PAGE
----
The much-debated tenant fees bill passed through its third reading at the House of Commons yesterday afternoon, increasing the likelihood that charging tenants fees will soon be banned alongside other regulatory changes.
All that remains is for the bill to be debated in the House of Lords, after which it will become an Act (law). All existing and legacy contracts will become subject to the Act’s provisions within 12 months of this date.
During the proceedings, amendment 4 was one point of contention between MPs, which led to some robust argument. Tabled by Daniel Kawczynski MP, the amendment “would allow letting agents to charge fees for various services connected with the establishment or renewal of a tenancy but would cap such fees at £300.”
Robert Goodwill MP argued against this amendment, saying: “A problem people often face when moving house is that the deposit put on the previous house is not made available at the same time as the new tenancy takes effect. Therefore, having to find, for example, six weeks’ rent at £100 a week plus another six weeks’ rent at £100 a week, plus maybe a £300 fee, as the amendment suggests, means a person looking to rent a two-bedroom flat in Scarborough or Whitby would need to find £1,500 of cash just to make that house move.”
Kawczynski replied: “a ban on tenant fees will lead to rents increasing by around £103 per annum,” before suggesting that lost revenue being captured through higher rents is less transparent and accountable than a “clear, specific fee.”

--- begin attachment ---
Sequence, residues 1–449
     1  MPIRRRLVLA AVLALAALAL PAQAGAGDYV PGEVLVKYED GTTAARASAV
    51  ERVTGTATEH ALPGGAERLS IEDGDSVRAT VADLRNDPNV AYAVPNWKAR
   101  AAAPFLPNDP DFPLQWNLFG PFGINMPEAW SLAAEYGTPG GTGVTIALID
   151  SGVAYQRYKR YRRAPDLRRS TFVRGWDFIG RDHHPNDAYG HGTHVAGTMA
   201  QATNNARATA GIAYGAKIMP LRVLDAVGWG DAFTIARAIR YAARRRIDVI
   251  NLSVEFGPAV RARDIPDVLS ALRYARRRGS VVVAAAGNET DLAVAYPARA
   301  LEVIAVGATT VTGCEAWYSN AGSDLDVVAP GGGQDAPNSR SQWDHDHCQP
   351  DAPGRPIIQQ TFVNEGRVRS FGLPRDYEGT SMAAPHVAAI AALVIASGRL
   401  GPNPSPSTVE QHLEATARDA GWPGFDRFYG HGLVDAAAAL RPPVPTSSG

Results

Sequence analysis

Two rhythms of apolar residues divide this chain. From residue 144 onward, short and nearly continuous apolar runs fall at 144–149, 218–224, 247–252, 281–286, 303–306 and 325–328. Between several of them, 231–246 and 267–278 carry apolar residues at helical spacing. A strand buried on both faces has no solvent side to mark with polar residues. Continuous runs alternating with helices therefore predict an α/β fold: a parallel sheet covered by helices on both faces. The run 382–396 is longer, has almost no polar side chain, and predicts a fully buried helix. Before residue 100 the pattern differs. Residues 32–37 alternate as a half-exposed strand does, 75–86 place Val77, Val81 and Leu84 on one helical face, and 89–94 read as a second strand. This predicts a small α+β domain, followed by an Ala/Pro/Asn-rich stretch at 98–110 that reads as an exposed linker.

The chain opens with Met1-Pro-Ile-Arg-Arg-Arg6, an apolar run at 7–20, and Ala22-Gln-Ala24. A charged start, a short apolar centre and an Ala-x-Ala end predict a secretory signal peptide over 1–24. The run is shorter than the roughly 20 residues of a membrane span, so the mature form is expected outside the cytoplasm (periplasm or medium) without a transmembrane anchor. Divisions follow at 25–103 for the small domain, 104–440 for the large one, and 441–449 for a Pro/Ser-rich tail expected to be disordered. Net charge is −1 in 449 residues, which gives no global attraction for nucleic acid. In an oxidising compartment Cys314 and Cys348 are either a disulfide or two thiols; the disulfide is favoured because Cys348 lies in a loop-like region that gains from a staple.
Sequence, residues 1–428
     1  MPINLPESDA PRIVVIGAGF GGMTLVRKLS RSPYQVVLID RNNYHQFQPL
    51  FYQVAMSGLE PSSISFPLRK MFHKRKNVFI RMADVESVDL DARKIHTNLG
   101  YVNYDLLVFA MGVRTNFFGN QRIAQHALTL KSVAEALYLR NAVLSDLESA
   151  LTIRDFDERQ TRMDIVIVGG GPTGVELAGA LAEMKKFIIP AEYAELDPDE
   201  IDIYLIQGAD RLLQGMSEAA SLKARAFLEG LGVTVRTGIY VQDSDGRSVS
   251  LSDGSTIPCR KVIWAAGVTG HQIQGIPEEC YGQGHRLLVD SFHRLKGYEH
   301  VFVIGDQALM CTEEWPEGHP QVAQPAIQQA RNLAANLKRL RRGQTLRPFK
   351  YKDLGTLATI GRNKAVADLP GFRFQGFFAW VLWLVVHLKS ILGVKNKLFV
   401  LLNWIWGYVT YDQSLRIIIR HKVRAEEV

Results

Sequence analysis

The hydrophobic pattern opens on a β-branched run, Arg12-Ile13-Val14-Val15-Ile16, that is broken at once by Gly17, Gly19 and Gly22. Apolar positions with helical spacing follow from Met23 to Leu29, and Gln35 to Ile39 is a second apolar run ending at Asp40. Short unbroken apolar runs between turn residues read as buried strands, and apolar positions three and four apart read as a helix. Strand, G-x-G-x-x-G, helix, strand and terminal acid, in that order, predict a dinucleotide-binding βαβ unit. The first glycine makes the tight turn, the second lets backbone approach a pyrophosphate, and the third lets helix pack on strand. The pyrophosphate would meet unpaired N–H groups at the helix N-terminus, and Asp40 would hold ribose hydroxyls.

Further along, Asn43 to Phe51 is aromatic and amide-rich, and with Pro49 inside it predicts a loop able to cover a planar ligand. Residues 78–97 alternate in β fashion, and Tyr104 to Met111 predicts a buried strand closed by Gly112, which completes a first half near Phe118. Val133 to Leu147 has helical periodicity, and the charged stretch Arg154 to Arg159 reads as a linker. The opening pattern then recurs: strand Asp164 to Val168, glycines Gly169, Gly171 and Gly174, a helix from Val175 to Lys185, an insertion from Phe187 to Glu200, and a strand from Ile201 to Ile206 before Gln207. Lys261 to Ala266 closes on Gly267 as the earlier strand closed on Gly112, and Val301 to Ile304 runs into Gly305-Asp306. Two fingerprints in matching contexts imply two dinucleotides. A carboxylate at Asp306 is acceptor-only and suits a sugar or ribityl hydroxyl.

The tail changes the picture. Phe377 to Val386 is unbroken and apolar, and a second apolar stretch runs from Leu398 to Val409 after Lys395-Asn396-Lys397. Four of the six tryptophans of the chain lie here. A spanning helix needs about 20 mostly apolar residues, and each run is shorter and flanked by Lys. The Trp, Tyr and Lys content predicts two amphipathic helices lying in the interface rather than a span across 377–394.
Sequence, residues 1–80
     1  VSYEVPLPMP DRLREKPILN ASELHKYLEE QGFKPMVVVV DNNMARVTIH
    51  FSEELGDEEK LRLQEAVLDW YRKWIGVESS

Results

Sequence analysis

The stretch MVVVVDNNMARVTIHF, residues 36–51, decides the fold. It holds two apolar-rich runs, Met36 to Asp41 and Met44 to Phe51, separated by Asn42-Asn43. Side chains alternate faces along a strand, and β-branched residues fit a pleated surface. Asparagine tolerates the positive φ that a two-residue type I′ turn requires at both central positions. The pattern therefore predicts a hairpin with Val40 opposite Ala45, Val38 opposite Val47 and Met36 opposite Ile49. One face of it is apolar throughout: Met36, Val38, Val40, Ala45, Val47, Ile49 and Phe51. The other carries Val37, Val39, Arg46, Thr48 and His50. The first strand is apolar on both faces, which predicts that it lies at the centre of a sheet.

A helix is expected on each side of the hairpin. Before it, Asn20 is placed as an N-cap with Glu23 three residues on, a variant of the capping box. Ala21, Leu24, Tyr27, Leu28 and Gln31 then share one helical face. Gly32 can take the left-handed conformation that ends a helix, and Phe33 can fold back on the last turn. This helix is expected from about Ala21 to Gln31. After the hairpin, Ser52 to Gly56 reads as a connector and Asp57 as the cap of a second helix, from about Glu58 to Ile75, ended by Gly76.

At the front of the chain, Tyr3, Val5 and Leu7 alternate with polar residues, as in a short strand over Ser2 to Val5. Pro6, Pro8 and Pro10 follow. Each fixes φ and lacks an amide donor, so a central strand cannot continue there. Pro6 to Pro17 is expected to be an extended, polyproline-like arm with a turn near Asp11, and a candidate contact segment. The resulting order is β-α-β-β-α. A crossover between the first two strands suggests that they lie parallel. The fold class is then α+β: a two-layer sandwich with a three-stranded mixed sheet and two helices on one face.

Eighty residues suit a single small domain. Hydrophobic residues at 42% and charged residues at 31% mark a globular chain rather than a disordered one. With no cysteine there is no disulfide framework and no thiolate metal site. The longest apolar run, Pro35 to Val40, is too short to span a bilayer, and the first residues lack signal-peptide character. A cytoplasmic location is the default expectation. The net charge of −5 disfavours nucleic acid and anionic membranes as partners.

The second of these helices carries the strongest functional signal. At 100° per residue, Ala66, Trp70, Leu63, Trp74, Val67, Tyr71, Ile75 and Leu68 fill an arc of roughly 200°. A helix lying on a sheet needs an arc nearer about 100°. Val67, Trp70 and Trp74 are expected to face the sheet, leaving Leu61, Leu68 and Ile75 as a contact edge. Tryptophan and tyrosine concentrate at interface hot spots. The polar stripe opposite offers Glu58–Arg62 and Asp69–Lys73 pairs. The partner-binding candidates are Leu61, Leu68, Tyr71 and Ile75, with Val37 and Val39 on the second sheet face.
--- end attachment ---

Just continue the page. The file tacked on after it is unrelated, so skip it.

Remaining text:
Christopher Chope MP added that, “this is not a Conservative measure at all, and I despair at the fact that so many people seem to want to support this exercise in socialism and control.”
However, the amendment was not pressed to a vote. On this, ARLA Propertymark chief executive David Cox says: “We’re disappointed but unsurprised the Tenant Fees Bill has passed the House of Commons. Over the summer, we worked with Daniel Kawczynski MP on his amendment to allow agents to charge up to £300. Although the amendment was unsuccessful, this shows that members involved in ARLA Propertymark’s campaign have helped MPs understand the unintended consequences of the tenant fee ban; with some MPs listening to the legitimate concerns of the industry.”
Another feature of the new bill is the abolishment of “excessive fees for minor damages.” The government gives the example of a tenant being charged “hundreds of pounds” to replace a smoke alarm that costs £60 as behaviour it wishes to put a stop to. In all cases, the landlord will have to provide evidence of costs before charges can be made.
Furthermore, the bill states that any unlawful fees paid by the tenant will have to be returned within seven to 14 days instead of the current time frame of 14 to 28 days.
“The bill is not about driving letting agents out of business, but about levelling the playing field so that the small minority of bad actors in the industry are not able to continue to the disadvantage of the vast majority of agents who do a terrific and valuable job, which we want to see continue,” said Rishi Suank MP.